This firm is getting ready for the appeal in the case of Brown v. Quicken Loans. This is a case that some of you may have heard about involving a local woman and her daughter who had gotten a loan through Quicken Loans which later became the subject of a foreclosure. As Bordas & Bordas investigated the facts of the case, we quickly learned that Quicken did a number of things that were inappropriate, such as making promises that it would not keep, and never intended to keep; hiring appraisers that gave false and inappropriate appraisal values; promising reduced interest rates by paying the points that never came about; and all-in-all, completely misleading this mother and daughter. The verdict returned by Judge Arthur Recht included the canceling of the loan obligation of over $200,000, an award of $2.5 million dollars to the family, attorney fees, and costs. In addition, the family was able to recover a substantial sum of money from the appraiser who had worked hand-in-hand with Quicken.
This was not the first banking/lender case that this firm has done. The first banking case that this firm handled, and one of the most interesting, was Marook v. Bank One. This case was tried here in Ohio County, and resulted in what is still the largest pure lender liability verdict in the State. In this case, Mrs. Mary Lou Marook was being sued by Bank One for a debt that was not hers. The bank hired agents who inappropriately kept her out of her home, made false and defamatory statements about her, and committed a number of other misdeeds. Mary Lou was unable to find an Ohio attorney (the place where the loan was made) to represent her. She then sought me out here in West Virginia, and after having told me the story, I told her that I would defend her for free in the case that Bank One was bringing against her for $250,000, and that I would countersue the bank and charge her our customary fee for that portion of the case. At the time, I had no realistic expectation that I would recover money on behalf of Mary Lou because I had never been involved in one of these cases and wasn't sure what a jury would do.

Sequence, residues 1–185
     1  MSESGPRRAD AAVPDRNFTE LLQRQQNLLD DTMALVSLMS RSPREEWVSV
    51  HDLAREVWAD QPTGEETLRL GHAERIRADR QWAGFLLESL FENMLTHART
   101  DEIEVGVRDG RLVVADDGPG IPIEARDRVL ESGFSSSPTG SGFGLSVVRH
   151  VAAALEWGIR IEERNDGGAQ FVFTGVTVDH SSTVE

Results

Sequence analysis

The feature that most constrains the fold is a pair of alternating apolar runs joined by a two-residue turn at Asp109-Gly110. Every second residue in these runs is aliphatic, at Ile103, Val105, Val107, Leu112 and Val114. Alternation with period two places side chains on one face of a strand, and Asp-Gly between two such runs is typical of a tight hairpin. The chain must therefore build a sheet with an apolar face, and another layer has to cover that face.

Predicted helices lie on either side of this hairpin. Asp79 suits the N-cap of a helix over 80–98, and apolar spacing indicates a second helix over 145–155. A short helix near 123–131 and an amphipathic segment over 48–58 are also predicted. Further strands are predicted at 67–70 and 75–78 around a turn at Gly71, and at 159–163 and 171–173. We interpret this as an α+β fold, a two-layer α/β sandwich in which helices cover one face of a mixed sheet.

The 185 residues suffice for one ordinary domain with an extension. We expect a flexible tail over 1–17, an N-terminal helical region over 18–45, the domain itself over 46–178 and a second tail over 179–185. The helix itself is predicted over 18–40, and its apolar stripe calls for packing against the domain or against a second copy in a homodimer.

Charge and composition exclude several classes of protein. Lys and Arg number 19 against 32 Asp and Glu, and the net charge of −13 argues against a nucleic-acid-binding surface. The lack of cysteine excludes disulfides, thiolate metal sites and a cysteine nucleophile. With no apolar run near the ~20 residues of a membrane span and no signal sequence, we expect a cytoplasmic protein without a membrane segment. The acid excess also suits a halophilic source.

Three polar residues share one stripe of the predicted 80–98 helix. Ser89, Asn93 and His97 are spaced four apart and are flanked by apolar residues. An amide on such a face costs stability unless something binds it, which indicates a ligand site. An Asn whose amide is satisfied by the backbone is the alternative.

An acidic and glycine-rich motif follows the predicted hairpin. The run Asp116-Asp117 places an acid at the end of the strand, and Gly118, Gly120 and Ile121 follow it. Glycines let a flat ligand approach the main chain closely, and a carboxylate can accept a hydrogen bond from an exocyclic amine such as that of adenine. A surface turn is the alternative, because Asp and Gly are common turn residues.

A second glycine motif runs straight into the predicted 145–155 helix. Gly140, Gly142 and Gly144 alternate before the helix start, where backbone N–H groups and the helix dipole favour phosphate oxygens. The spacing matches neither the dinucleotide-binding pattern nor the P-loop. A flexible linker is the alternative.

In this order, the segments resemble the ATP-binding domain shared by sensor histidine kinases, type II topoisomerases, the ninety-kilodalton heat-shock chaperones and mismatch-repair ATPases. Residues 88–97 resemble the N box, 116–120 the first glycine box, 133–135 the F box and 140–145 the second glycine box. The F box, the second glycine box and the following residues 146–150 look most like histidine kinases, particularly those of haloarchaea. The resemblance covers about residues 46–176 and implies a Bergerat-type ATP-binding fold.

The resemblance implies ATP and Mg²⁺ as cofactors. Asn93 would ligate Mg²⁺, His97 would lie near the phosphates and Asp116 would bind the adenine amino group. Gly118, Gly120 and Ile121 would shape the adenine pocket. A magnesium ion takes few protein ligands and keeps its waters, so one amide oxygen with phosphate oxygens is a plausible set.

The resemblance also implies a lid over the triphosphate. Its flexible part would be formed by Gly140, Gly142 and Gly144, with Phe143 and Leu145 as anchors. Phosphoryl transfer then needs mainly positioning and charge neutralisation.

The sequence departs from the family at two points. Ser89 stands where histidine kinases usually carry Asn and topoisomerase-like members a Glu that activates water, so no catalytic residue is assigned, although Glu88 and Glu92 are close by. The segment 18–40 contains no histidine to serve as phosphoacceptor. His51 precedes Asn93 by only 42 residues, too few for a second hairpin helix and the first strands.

The jury ultimately returned a verdict of $2.5 million dollars. Years later, I was told by the jury foreman that the jurors had voted to give Mary Lou a verdict of $10 million dollars. I asked him why they didn't, and he told me that they thought the Supreme Court would set that aside. I wish they had let us see if the Supreme Court would do that but, nonetheless, the $2.5 million dollar verdict was the largest pure lender liability verdict in the history of the State at that time. The Brown case has now exceeded that.
The long and short of it is, there are things that banks and lenders sometimes do that are inappropriate. If you feel that something is wrong, and you are about to lose your home, it doesn't hurt to pick up the phone and call for advice. That's not to say that we will take your case, but we will look at the facts, and if it is a situation where we agree that you have been wronged, and if we feel a jury will likely return a verdict on your behalf, then there is a strong chance that we will agree to represent you.
Thoughts for the day (taken from the book entitled "Wisdom and Wit for the Journey" by Father Scott Seethaler:
It's not what happens to one that's important, it's what we do about it.
Remember, we can do something in an instant, which causes heartache for life.
God bless all.